Thursday, August 19, 2021

TV Show Review: Diagnosis Murder - Season 5

Stars: 5 out of 5
Pros: Wide variety of entertaining mysteries
Cons: A few episodes don’t work as well as others
The Bottom Line:
Doctor back on case
Solves puzzling, fun cases
Characters are great

“I Wonder What Other Fathers and Sons Do on Their Days Off.”  “Well, Nothing as Fun as This.”

Season 5 of Diagnosis: Murder holds a special place in my heart.  It was the season when I started watching the show.  I was fresh out of college, and a coworker at my first job mentioned it when she learned I liked light mysteries.  I was quickly hooked on this unique combination of mystery and comedy.

This is the first season to have only four cast members in the opening credits, and these are the main characters we will stick with for the rest of the series.  Leading the cast is Dick van Dyke as Dr. Mark Sloan, the head doctor at Community General Hospital in Los Angeles.  Then comes Victoria Rowell as Dr. Amanda Bentley, who becomes the adjunct LA County coroner this season.  Next, we have Charlie Schlatter as Jessie Travis, one of the residents at the hospital.  Rounding out the cast is Dick van Dyke’s real life son Barry van Dyke playing Mark’s son Steve, who is a homicide detective for the LAPD.

I mentioned earlier that the show has a mix of comedy and mystery.  While most of the episodes are fairly light, some are more serious than others.  Among the more serious episodes of the season are the investigation into an airline crash that wasn’t the accident it first appeared to me.  Mark is brilliantly framed for murder.  And the season opener finds Steve involved in a case that might point to corruption in the police department.

Then there are the episodes that are pure fun.  Possibly my favorite this season involves the death of the newest TV executive because it has so many jabs at the TV industry.  I even laugh at the jab at my favorite TV show.  A ratings stunt by a pair of TV talk show hosts (as played by Regis Philbin and Kathie Lee Gifford) ends in tragedy when one of them shots the other on air.  And a murdered mime gets Mark involved with the neighborhood house sitter on a case.

Of course, most of the cases fall somewhere in between.  We get scenes that are comic, but the mystery is fairly serious.  Still, this is a light show.  You’ll probably laugh at least once, usually at the main characters.

And that’s one thing that sets this show apart in my mind.  I love these four characters and their relationships.  They quite obviously care about each other, and the relationships are what keep me coming back for more.  I love watching them in action.  This is also the season that first introduces us to Jessie’s girlfriend, Susan Hilliard, as played by Kim Little.  I always loved her character.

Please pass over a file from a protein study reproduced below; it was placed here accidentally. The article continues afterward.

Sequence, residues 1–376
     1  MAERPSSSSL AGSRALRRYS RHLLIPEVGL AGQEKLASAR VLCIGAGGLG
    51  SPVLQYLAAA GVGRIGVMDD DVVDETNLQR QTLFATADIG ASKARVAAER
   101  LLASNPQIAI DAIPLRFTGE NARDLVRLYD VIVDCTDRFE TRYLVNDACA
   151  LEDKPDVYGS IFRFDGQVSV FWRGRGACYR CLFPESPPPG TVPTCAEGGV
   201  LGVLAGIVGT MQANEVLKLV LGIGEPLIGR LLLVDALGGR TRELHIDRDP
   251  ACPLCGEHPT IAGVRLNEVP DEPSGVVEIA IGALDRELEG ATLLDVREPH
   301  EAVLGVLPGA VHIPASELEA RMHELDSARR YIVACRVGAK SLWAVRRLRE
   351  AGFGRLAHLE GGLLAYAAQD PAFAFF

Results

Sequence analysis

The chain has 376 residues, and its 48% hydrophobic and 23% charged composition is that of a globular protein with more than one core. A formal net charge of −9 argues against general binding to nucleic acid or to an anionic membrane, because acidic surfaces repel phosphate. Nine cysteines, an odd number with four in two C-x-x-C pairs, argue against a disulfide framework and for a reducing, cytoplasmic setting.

There are a couple of fun bits of casting this season.  One episode features all guest stars who were part of classic spy shows.  Another features guest stars who were regulars on the sitcom Happy Days, and its spin offs.

With all this fun, I do have to call out “First Do No Harm.”  This episode is nothing but a lecture about the evils of HMOs.  Sorry, but that’s not what I tune in to watch.  It’s one of my least favorites in the entire series.

The show also continues to employ two types of mystery plots.  Some weeks, we don’t know who did it until Mark solves it at the end.  Other times, they tell us earlier on and the suspense comes from watching Mark try to capture the killer.  Either way, I’m usually entertained.

Ironically enough, the exception to that is the two parters.  We get three of them this season.  One is too long and drawn out, the second two ambition.  The third actually works and gives us an explosive cliffhanger.

The acting is mostly good.  I’ll find the occasional moments that are over the top, and that comes from the regulars as well as the guest stars.  But for the most part, I’m able to sit back and enjoy the show.  Likewise, the few effects we get are good for a late 1990’s TV show.  Yes, they are a bit dated today, but the mostly hold us.  It does help that this isn’t an effects heavy show.

Season five consisted of twenty-five episodes.  All of them are part of this seven-disc set.  We don’t get any extras, but fans will be delighted to have these episodes to enjoy again.

Diagnosis: Murder is extremely rewatchable.  Even if you remember who done it, the character moments make the show entertaining.  If you are a fan or looking for a light mystery, you’ll enjoy season 5.

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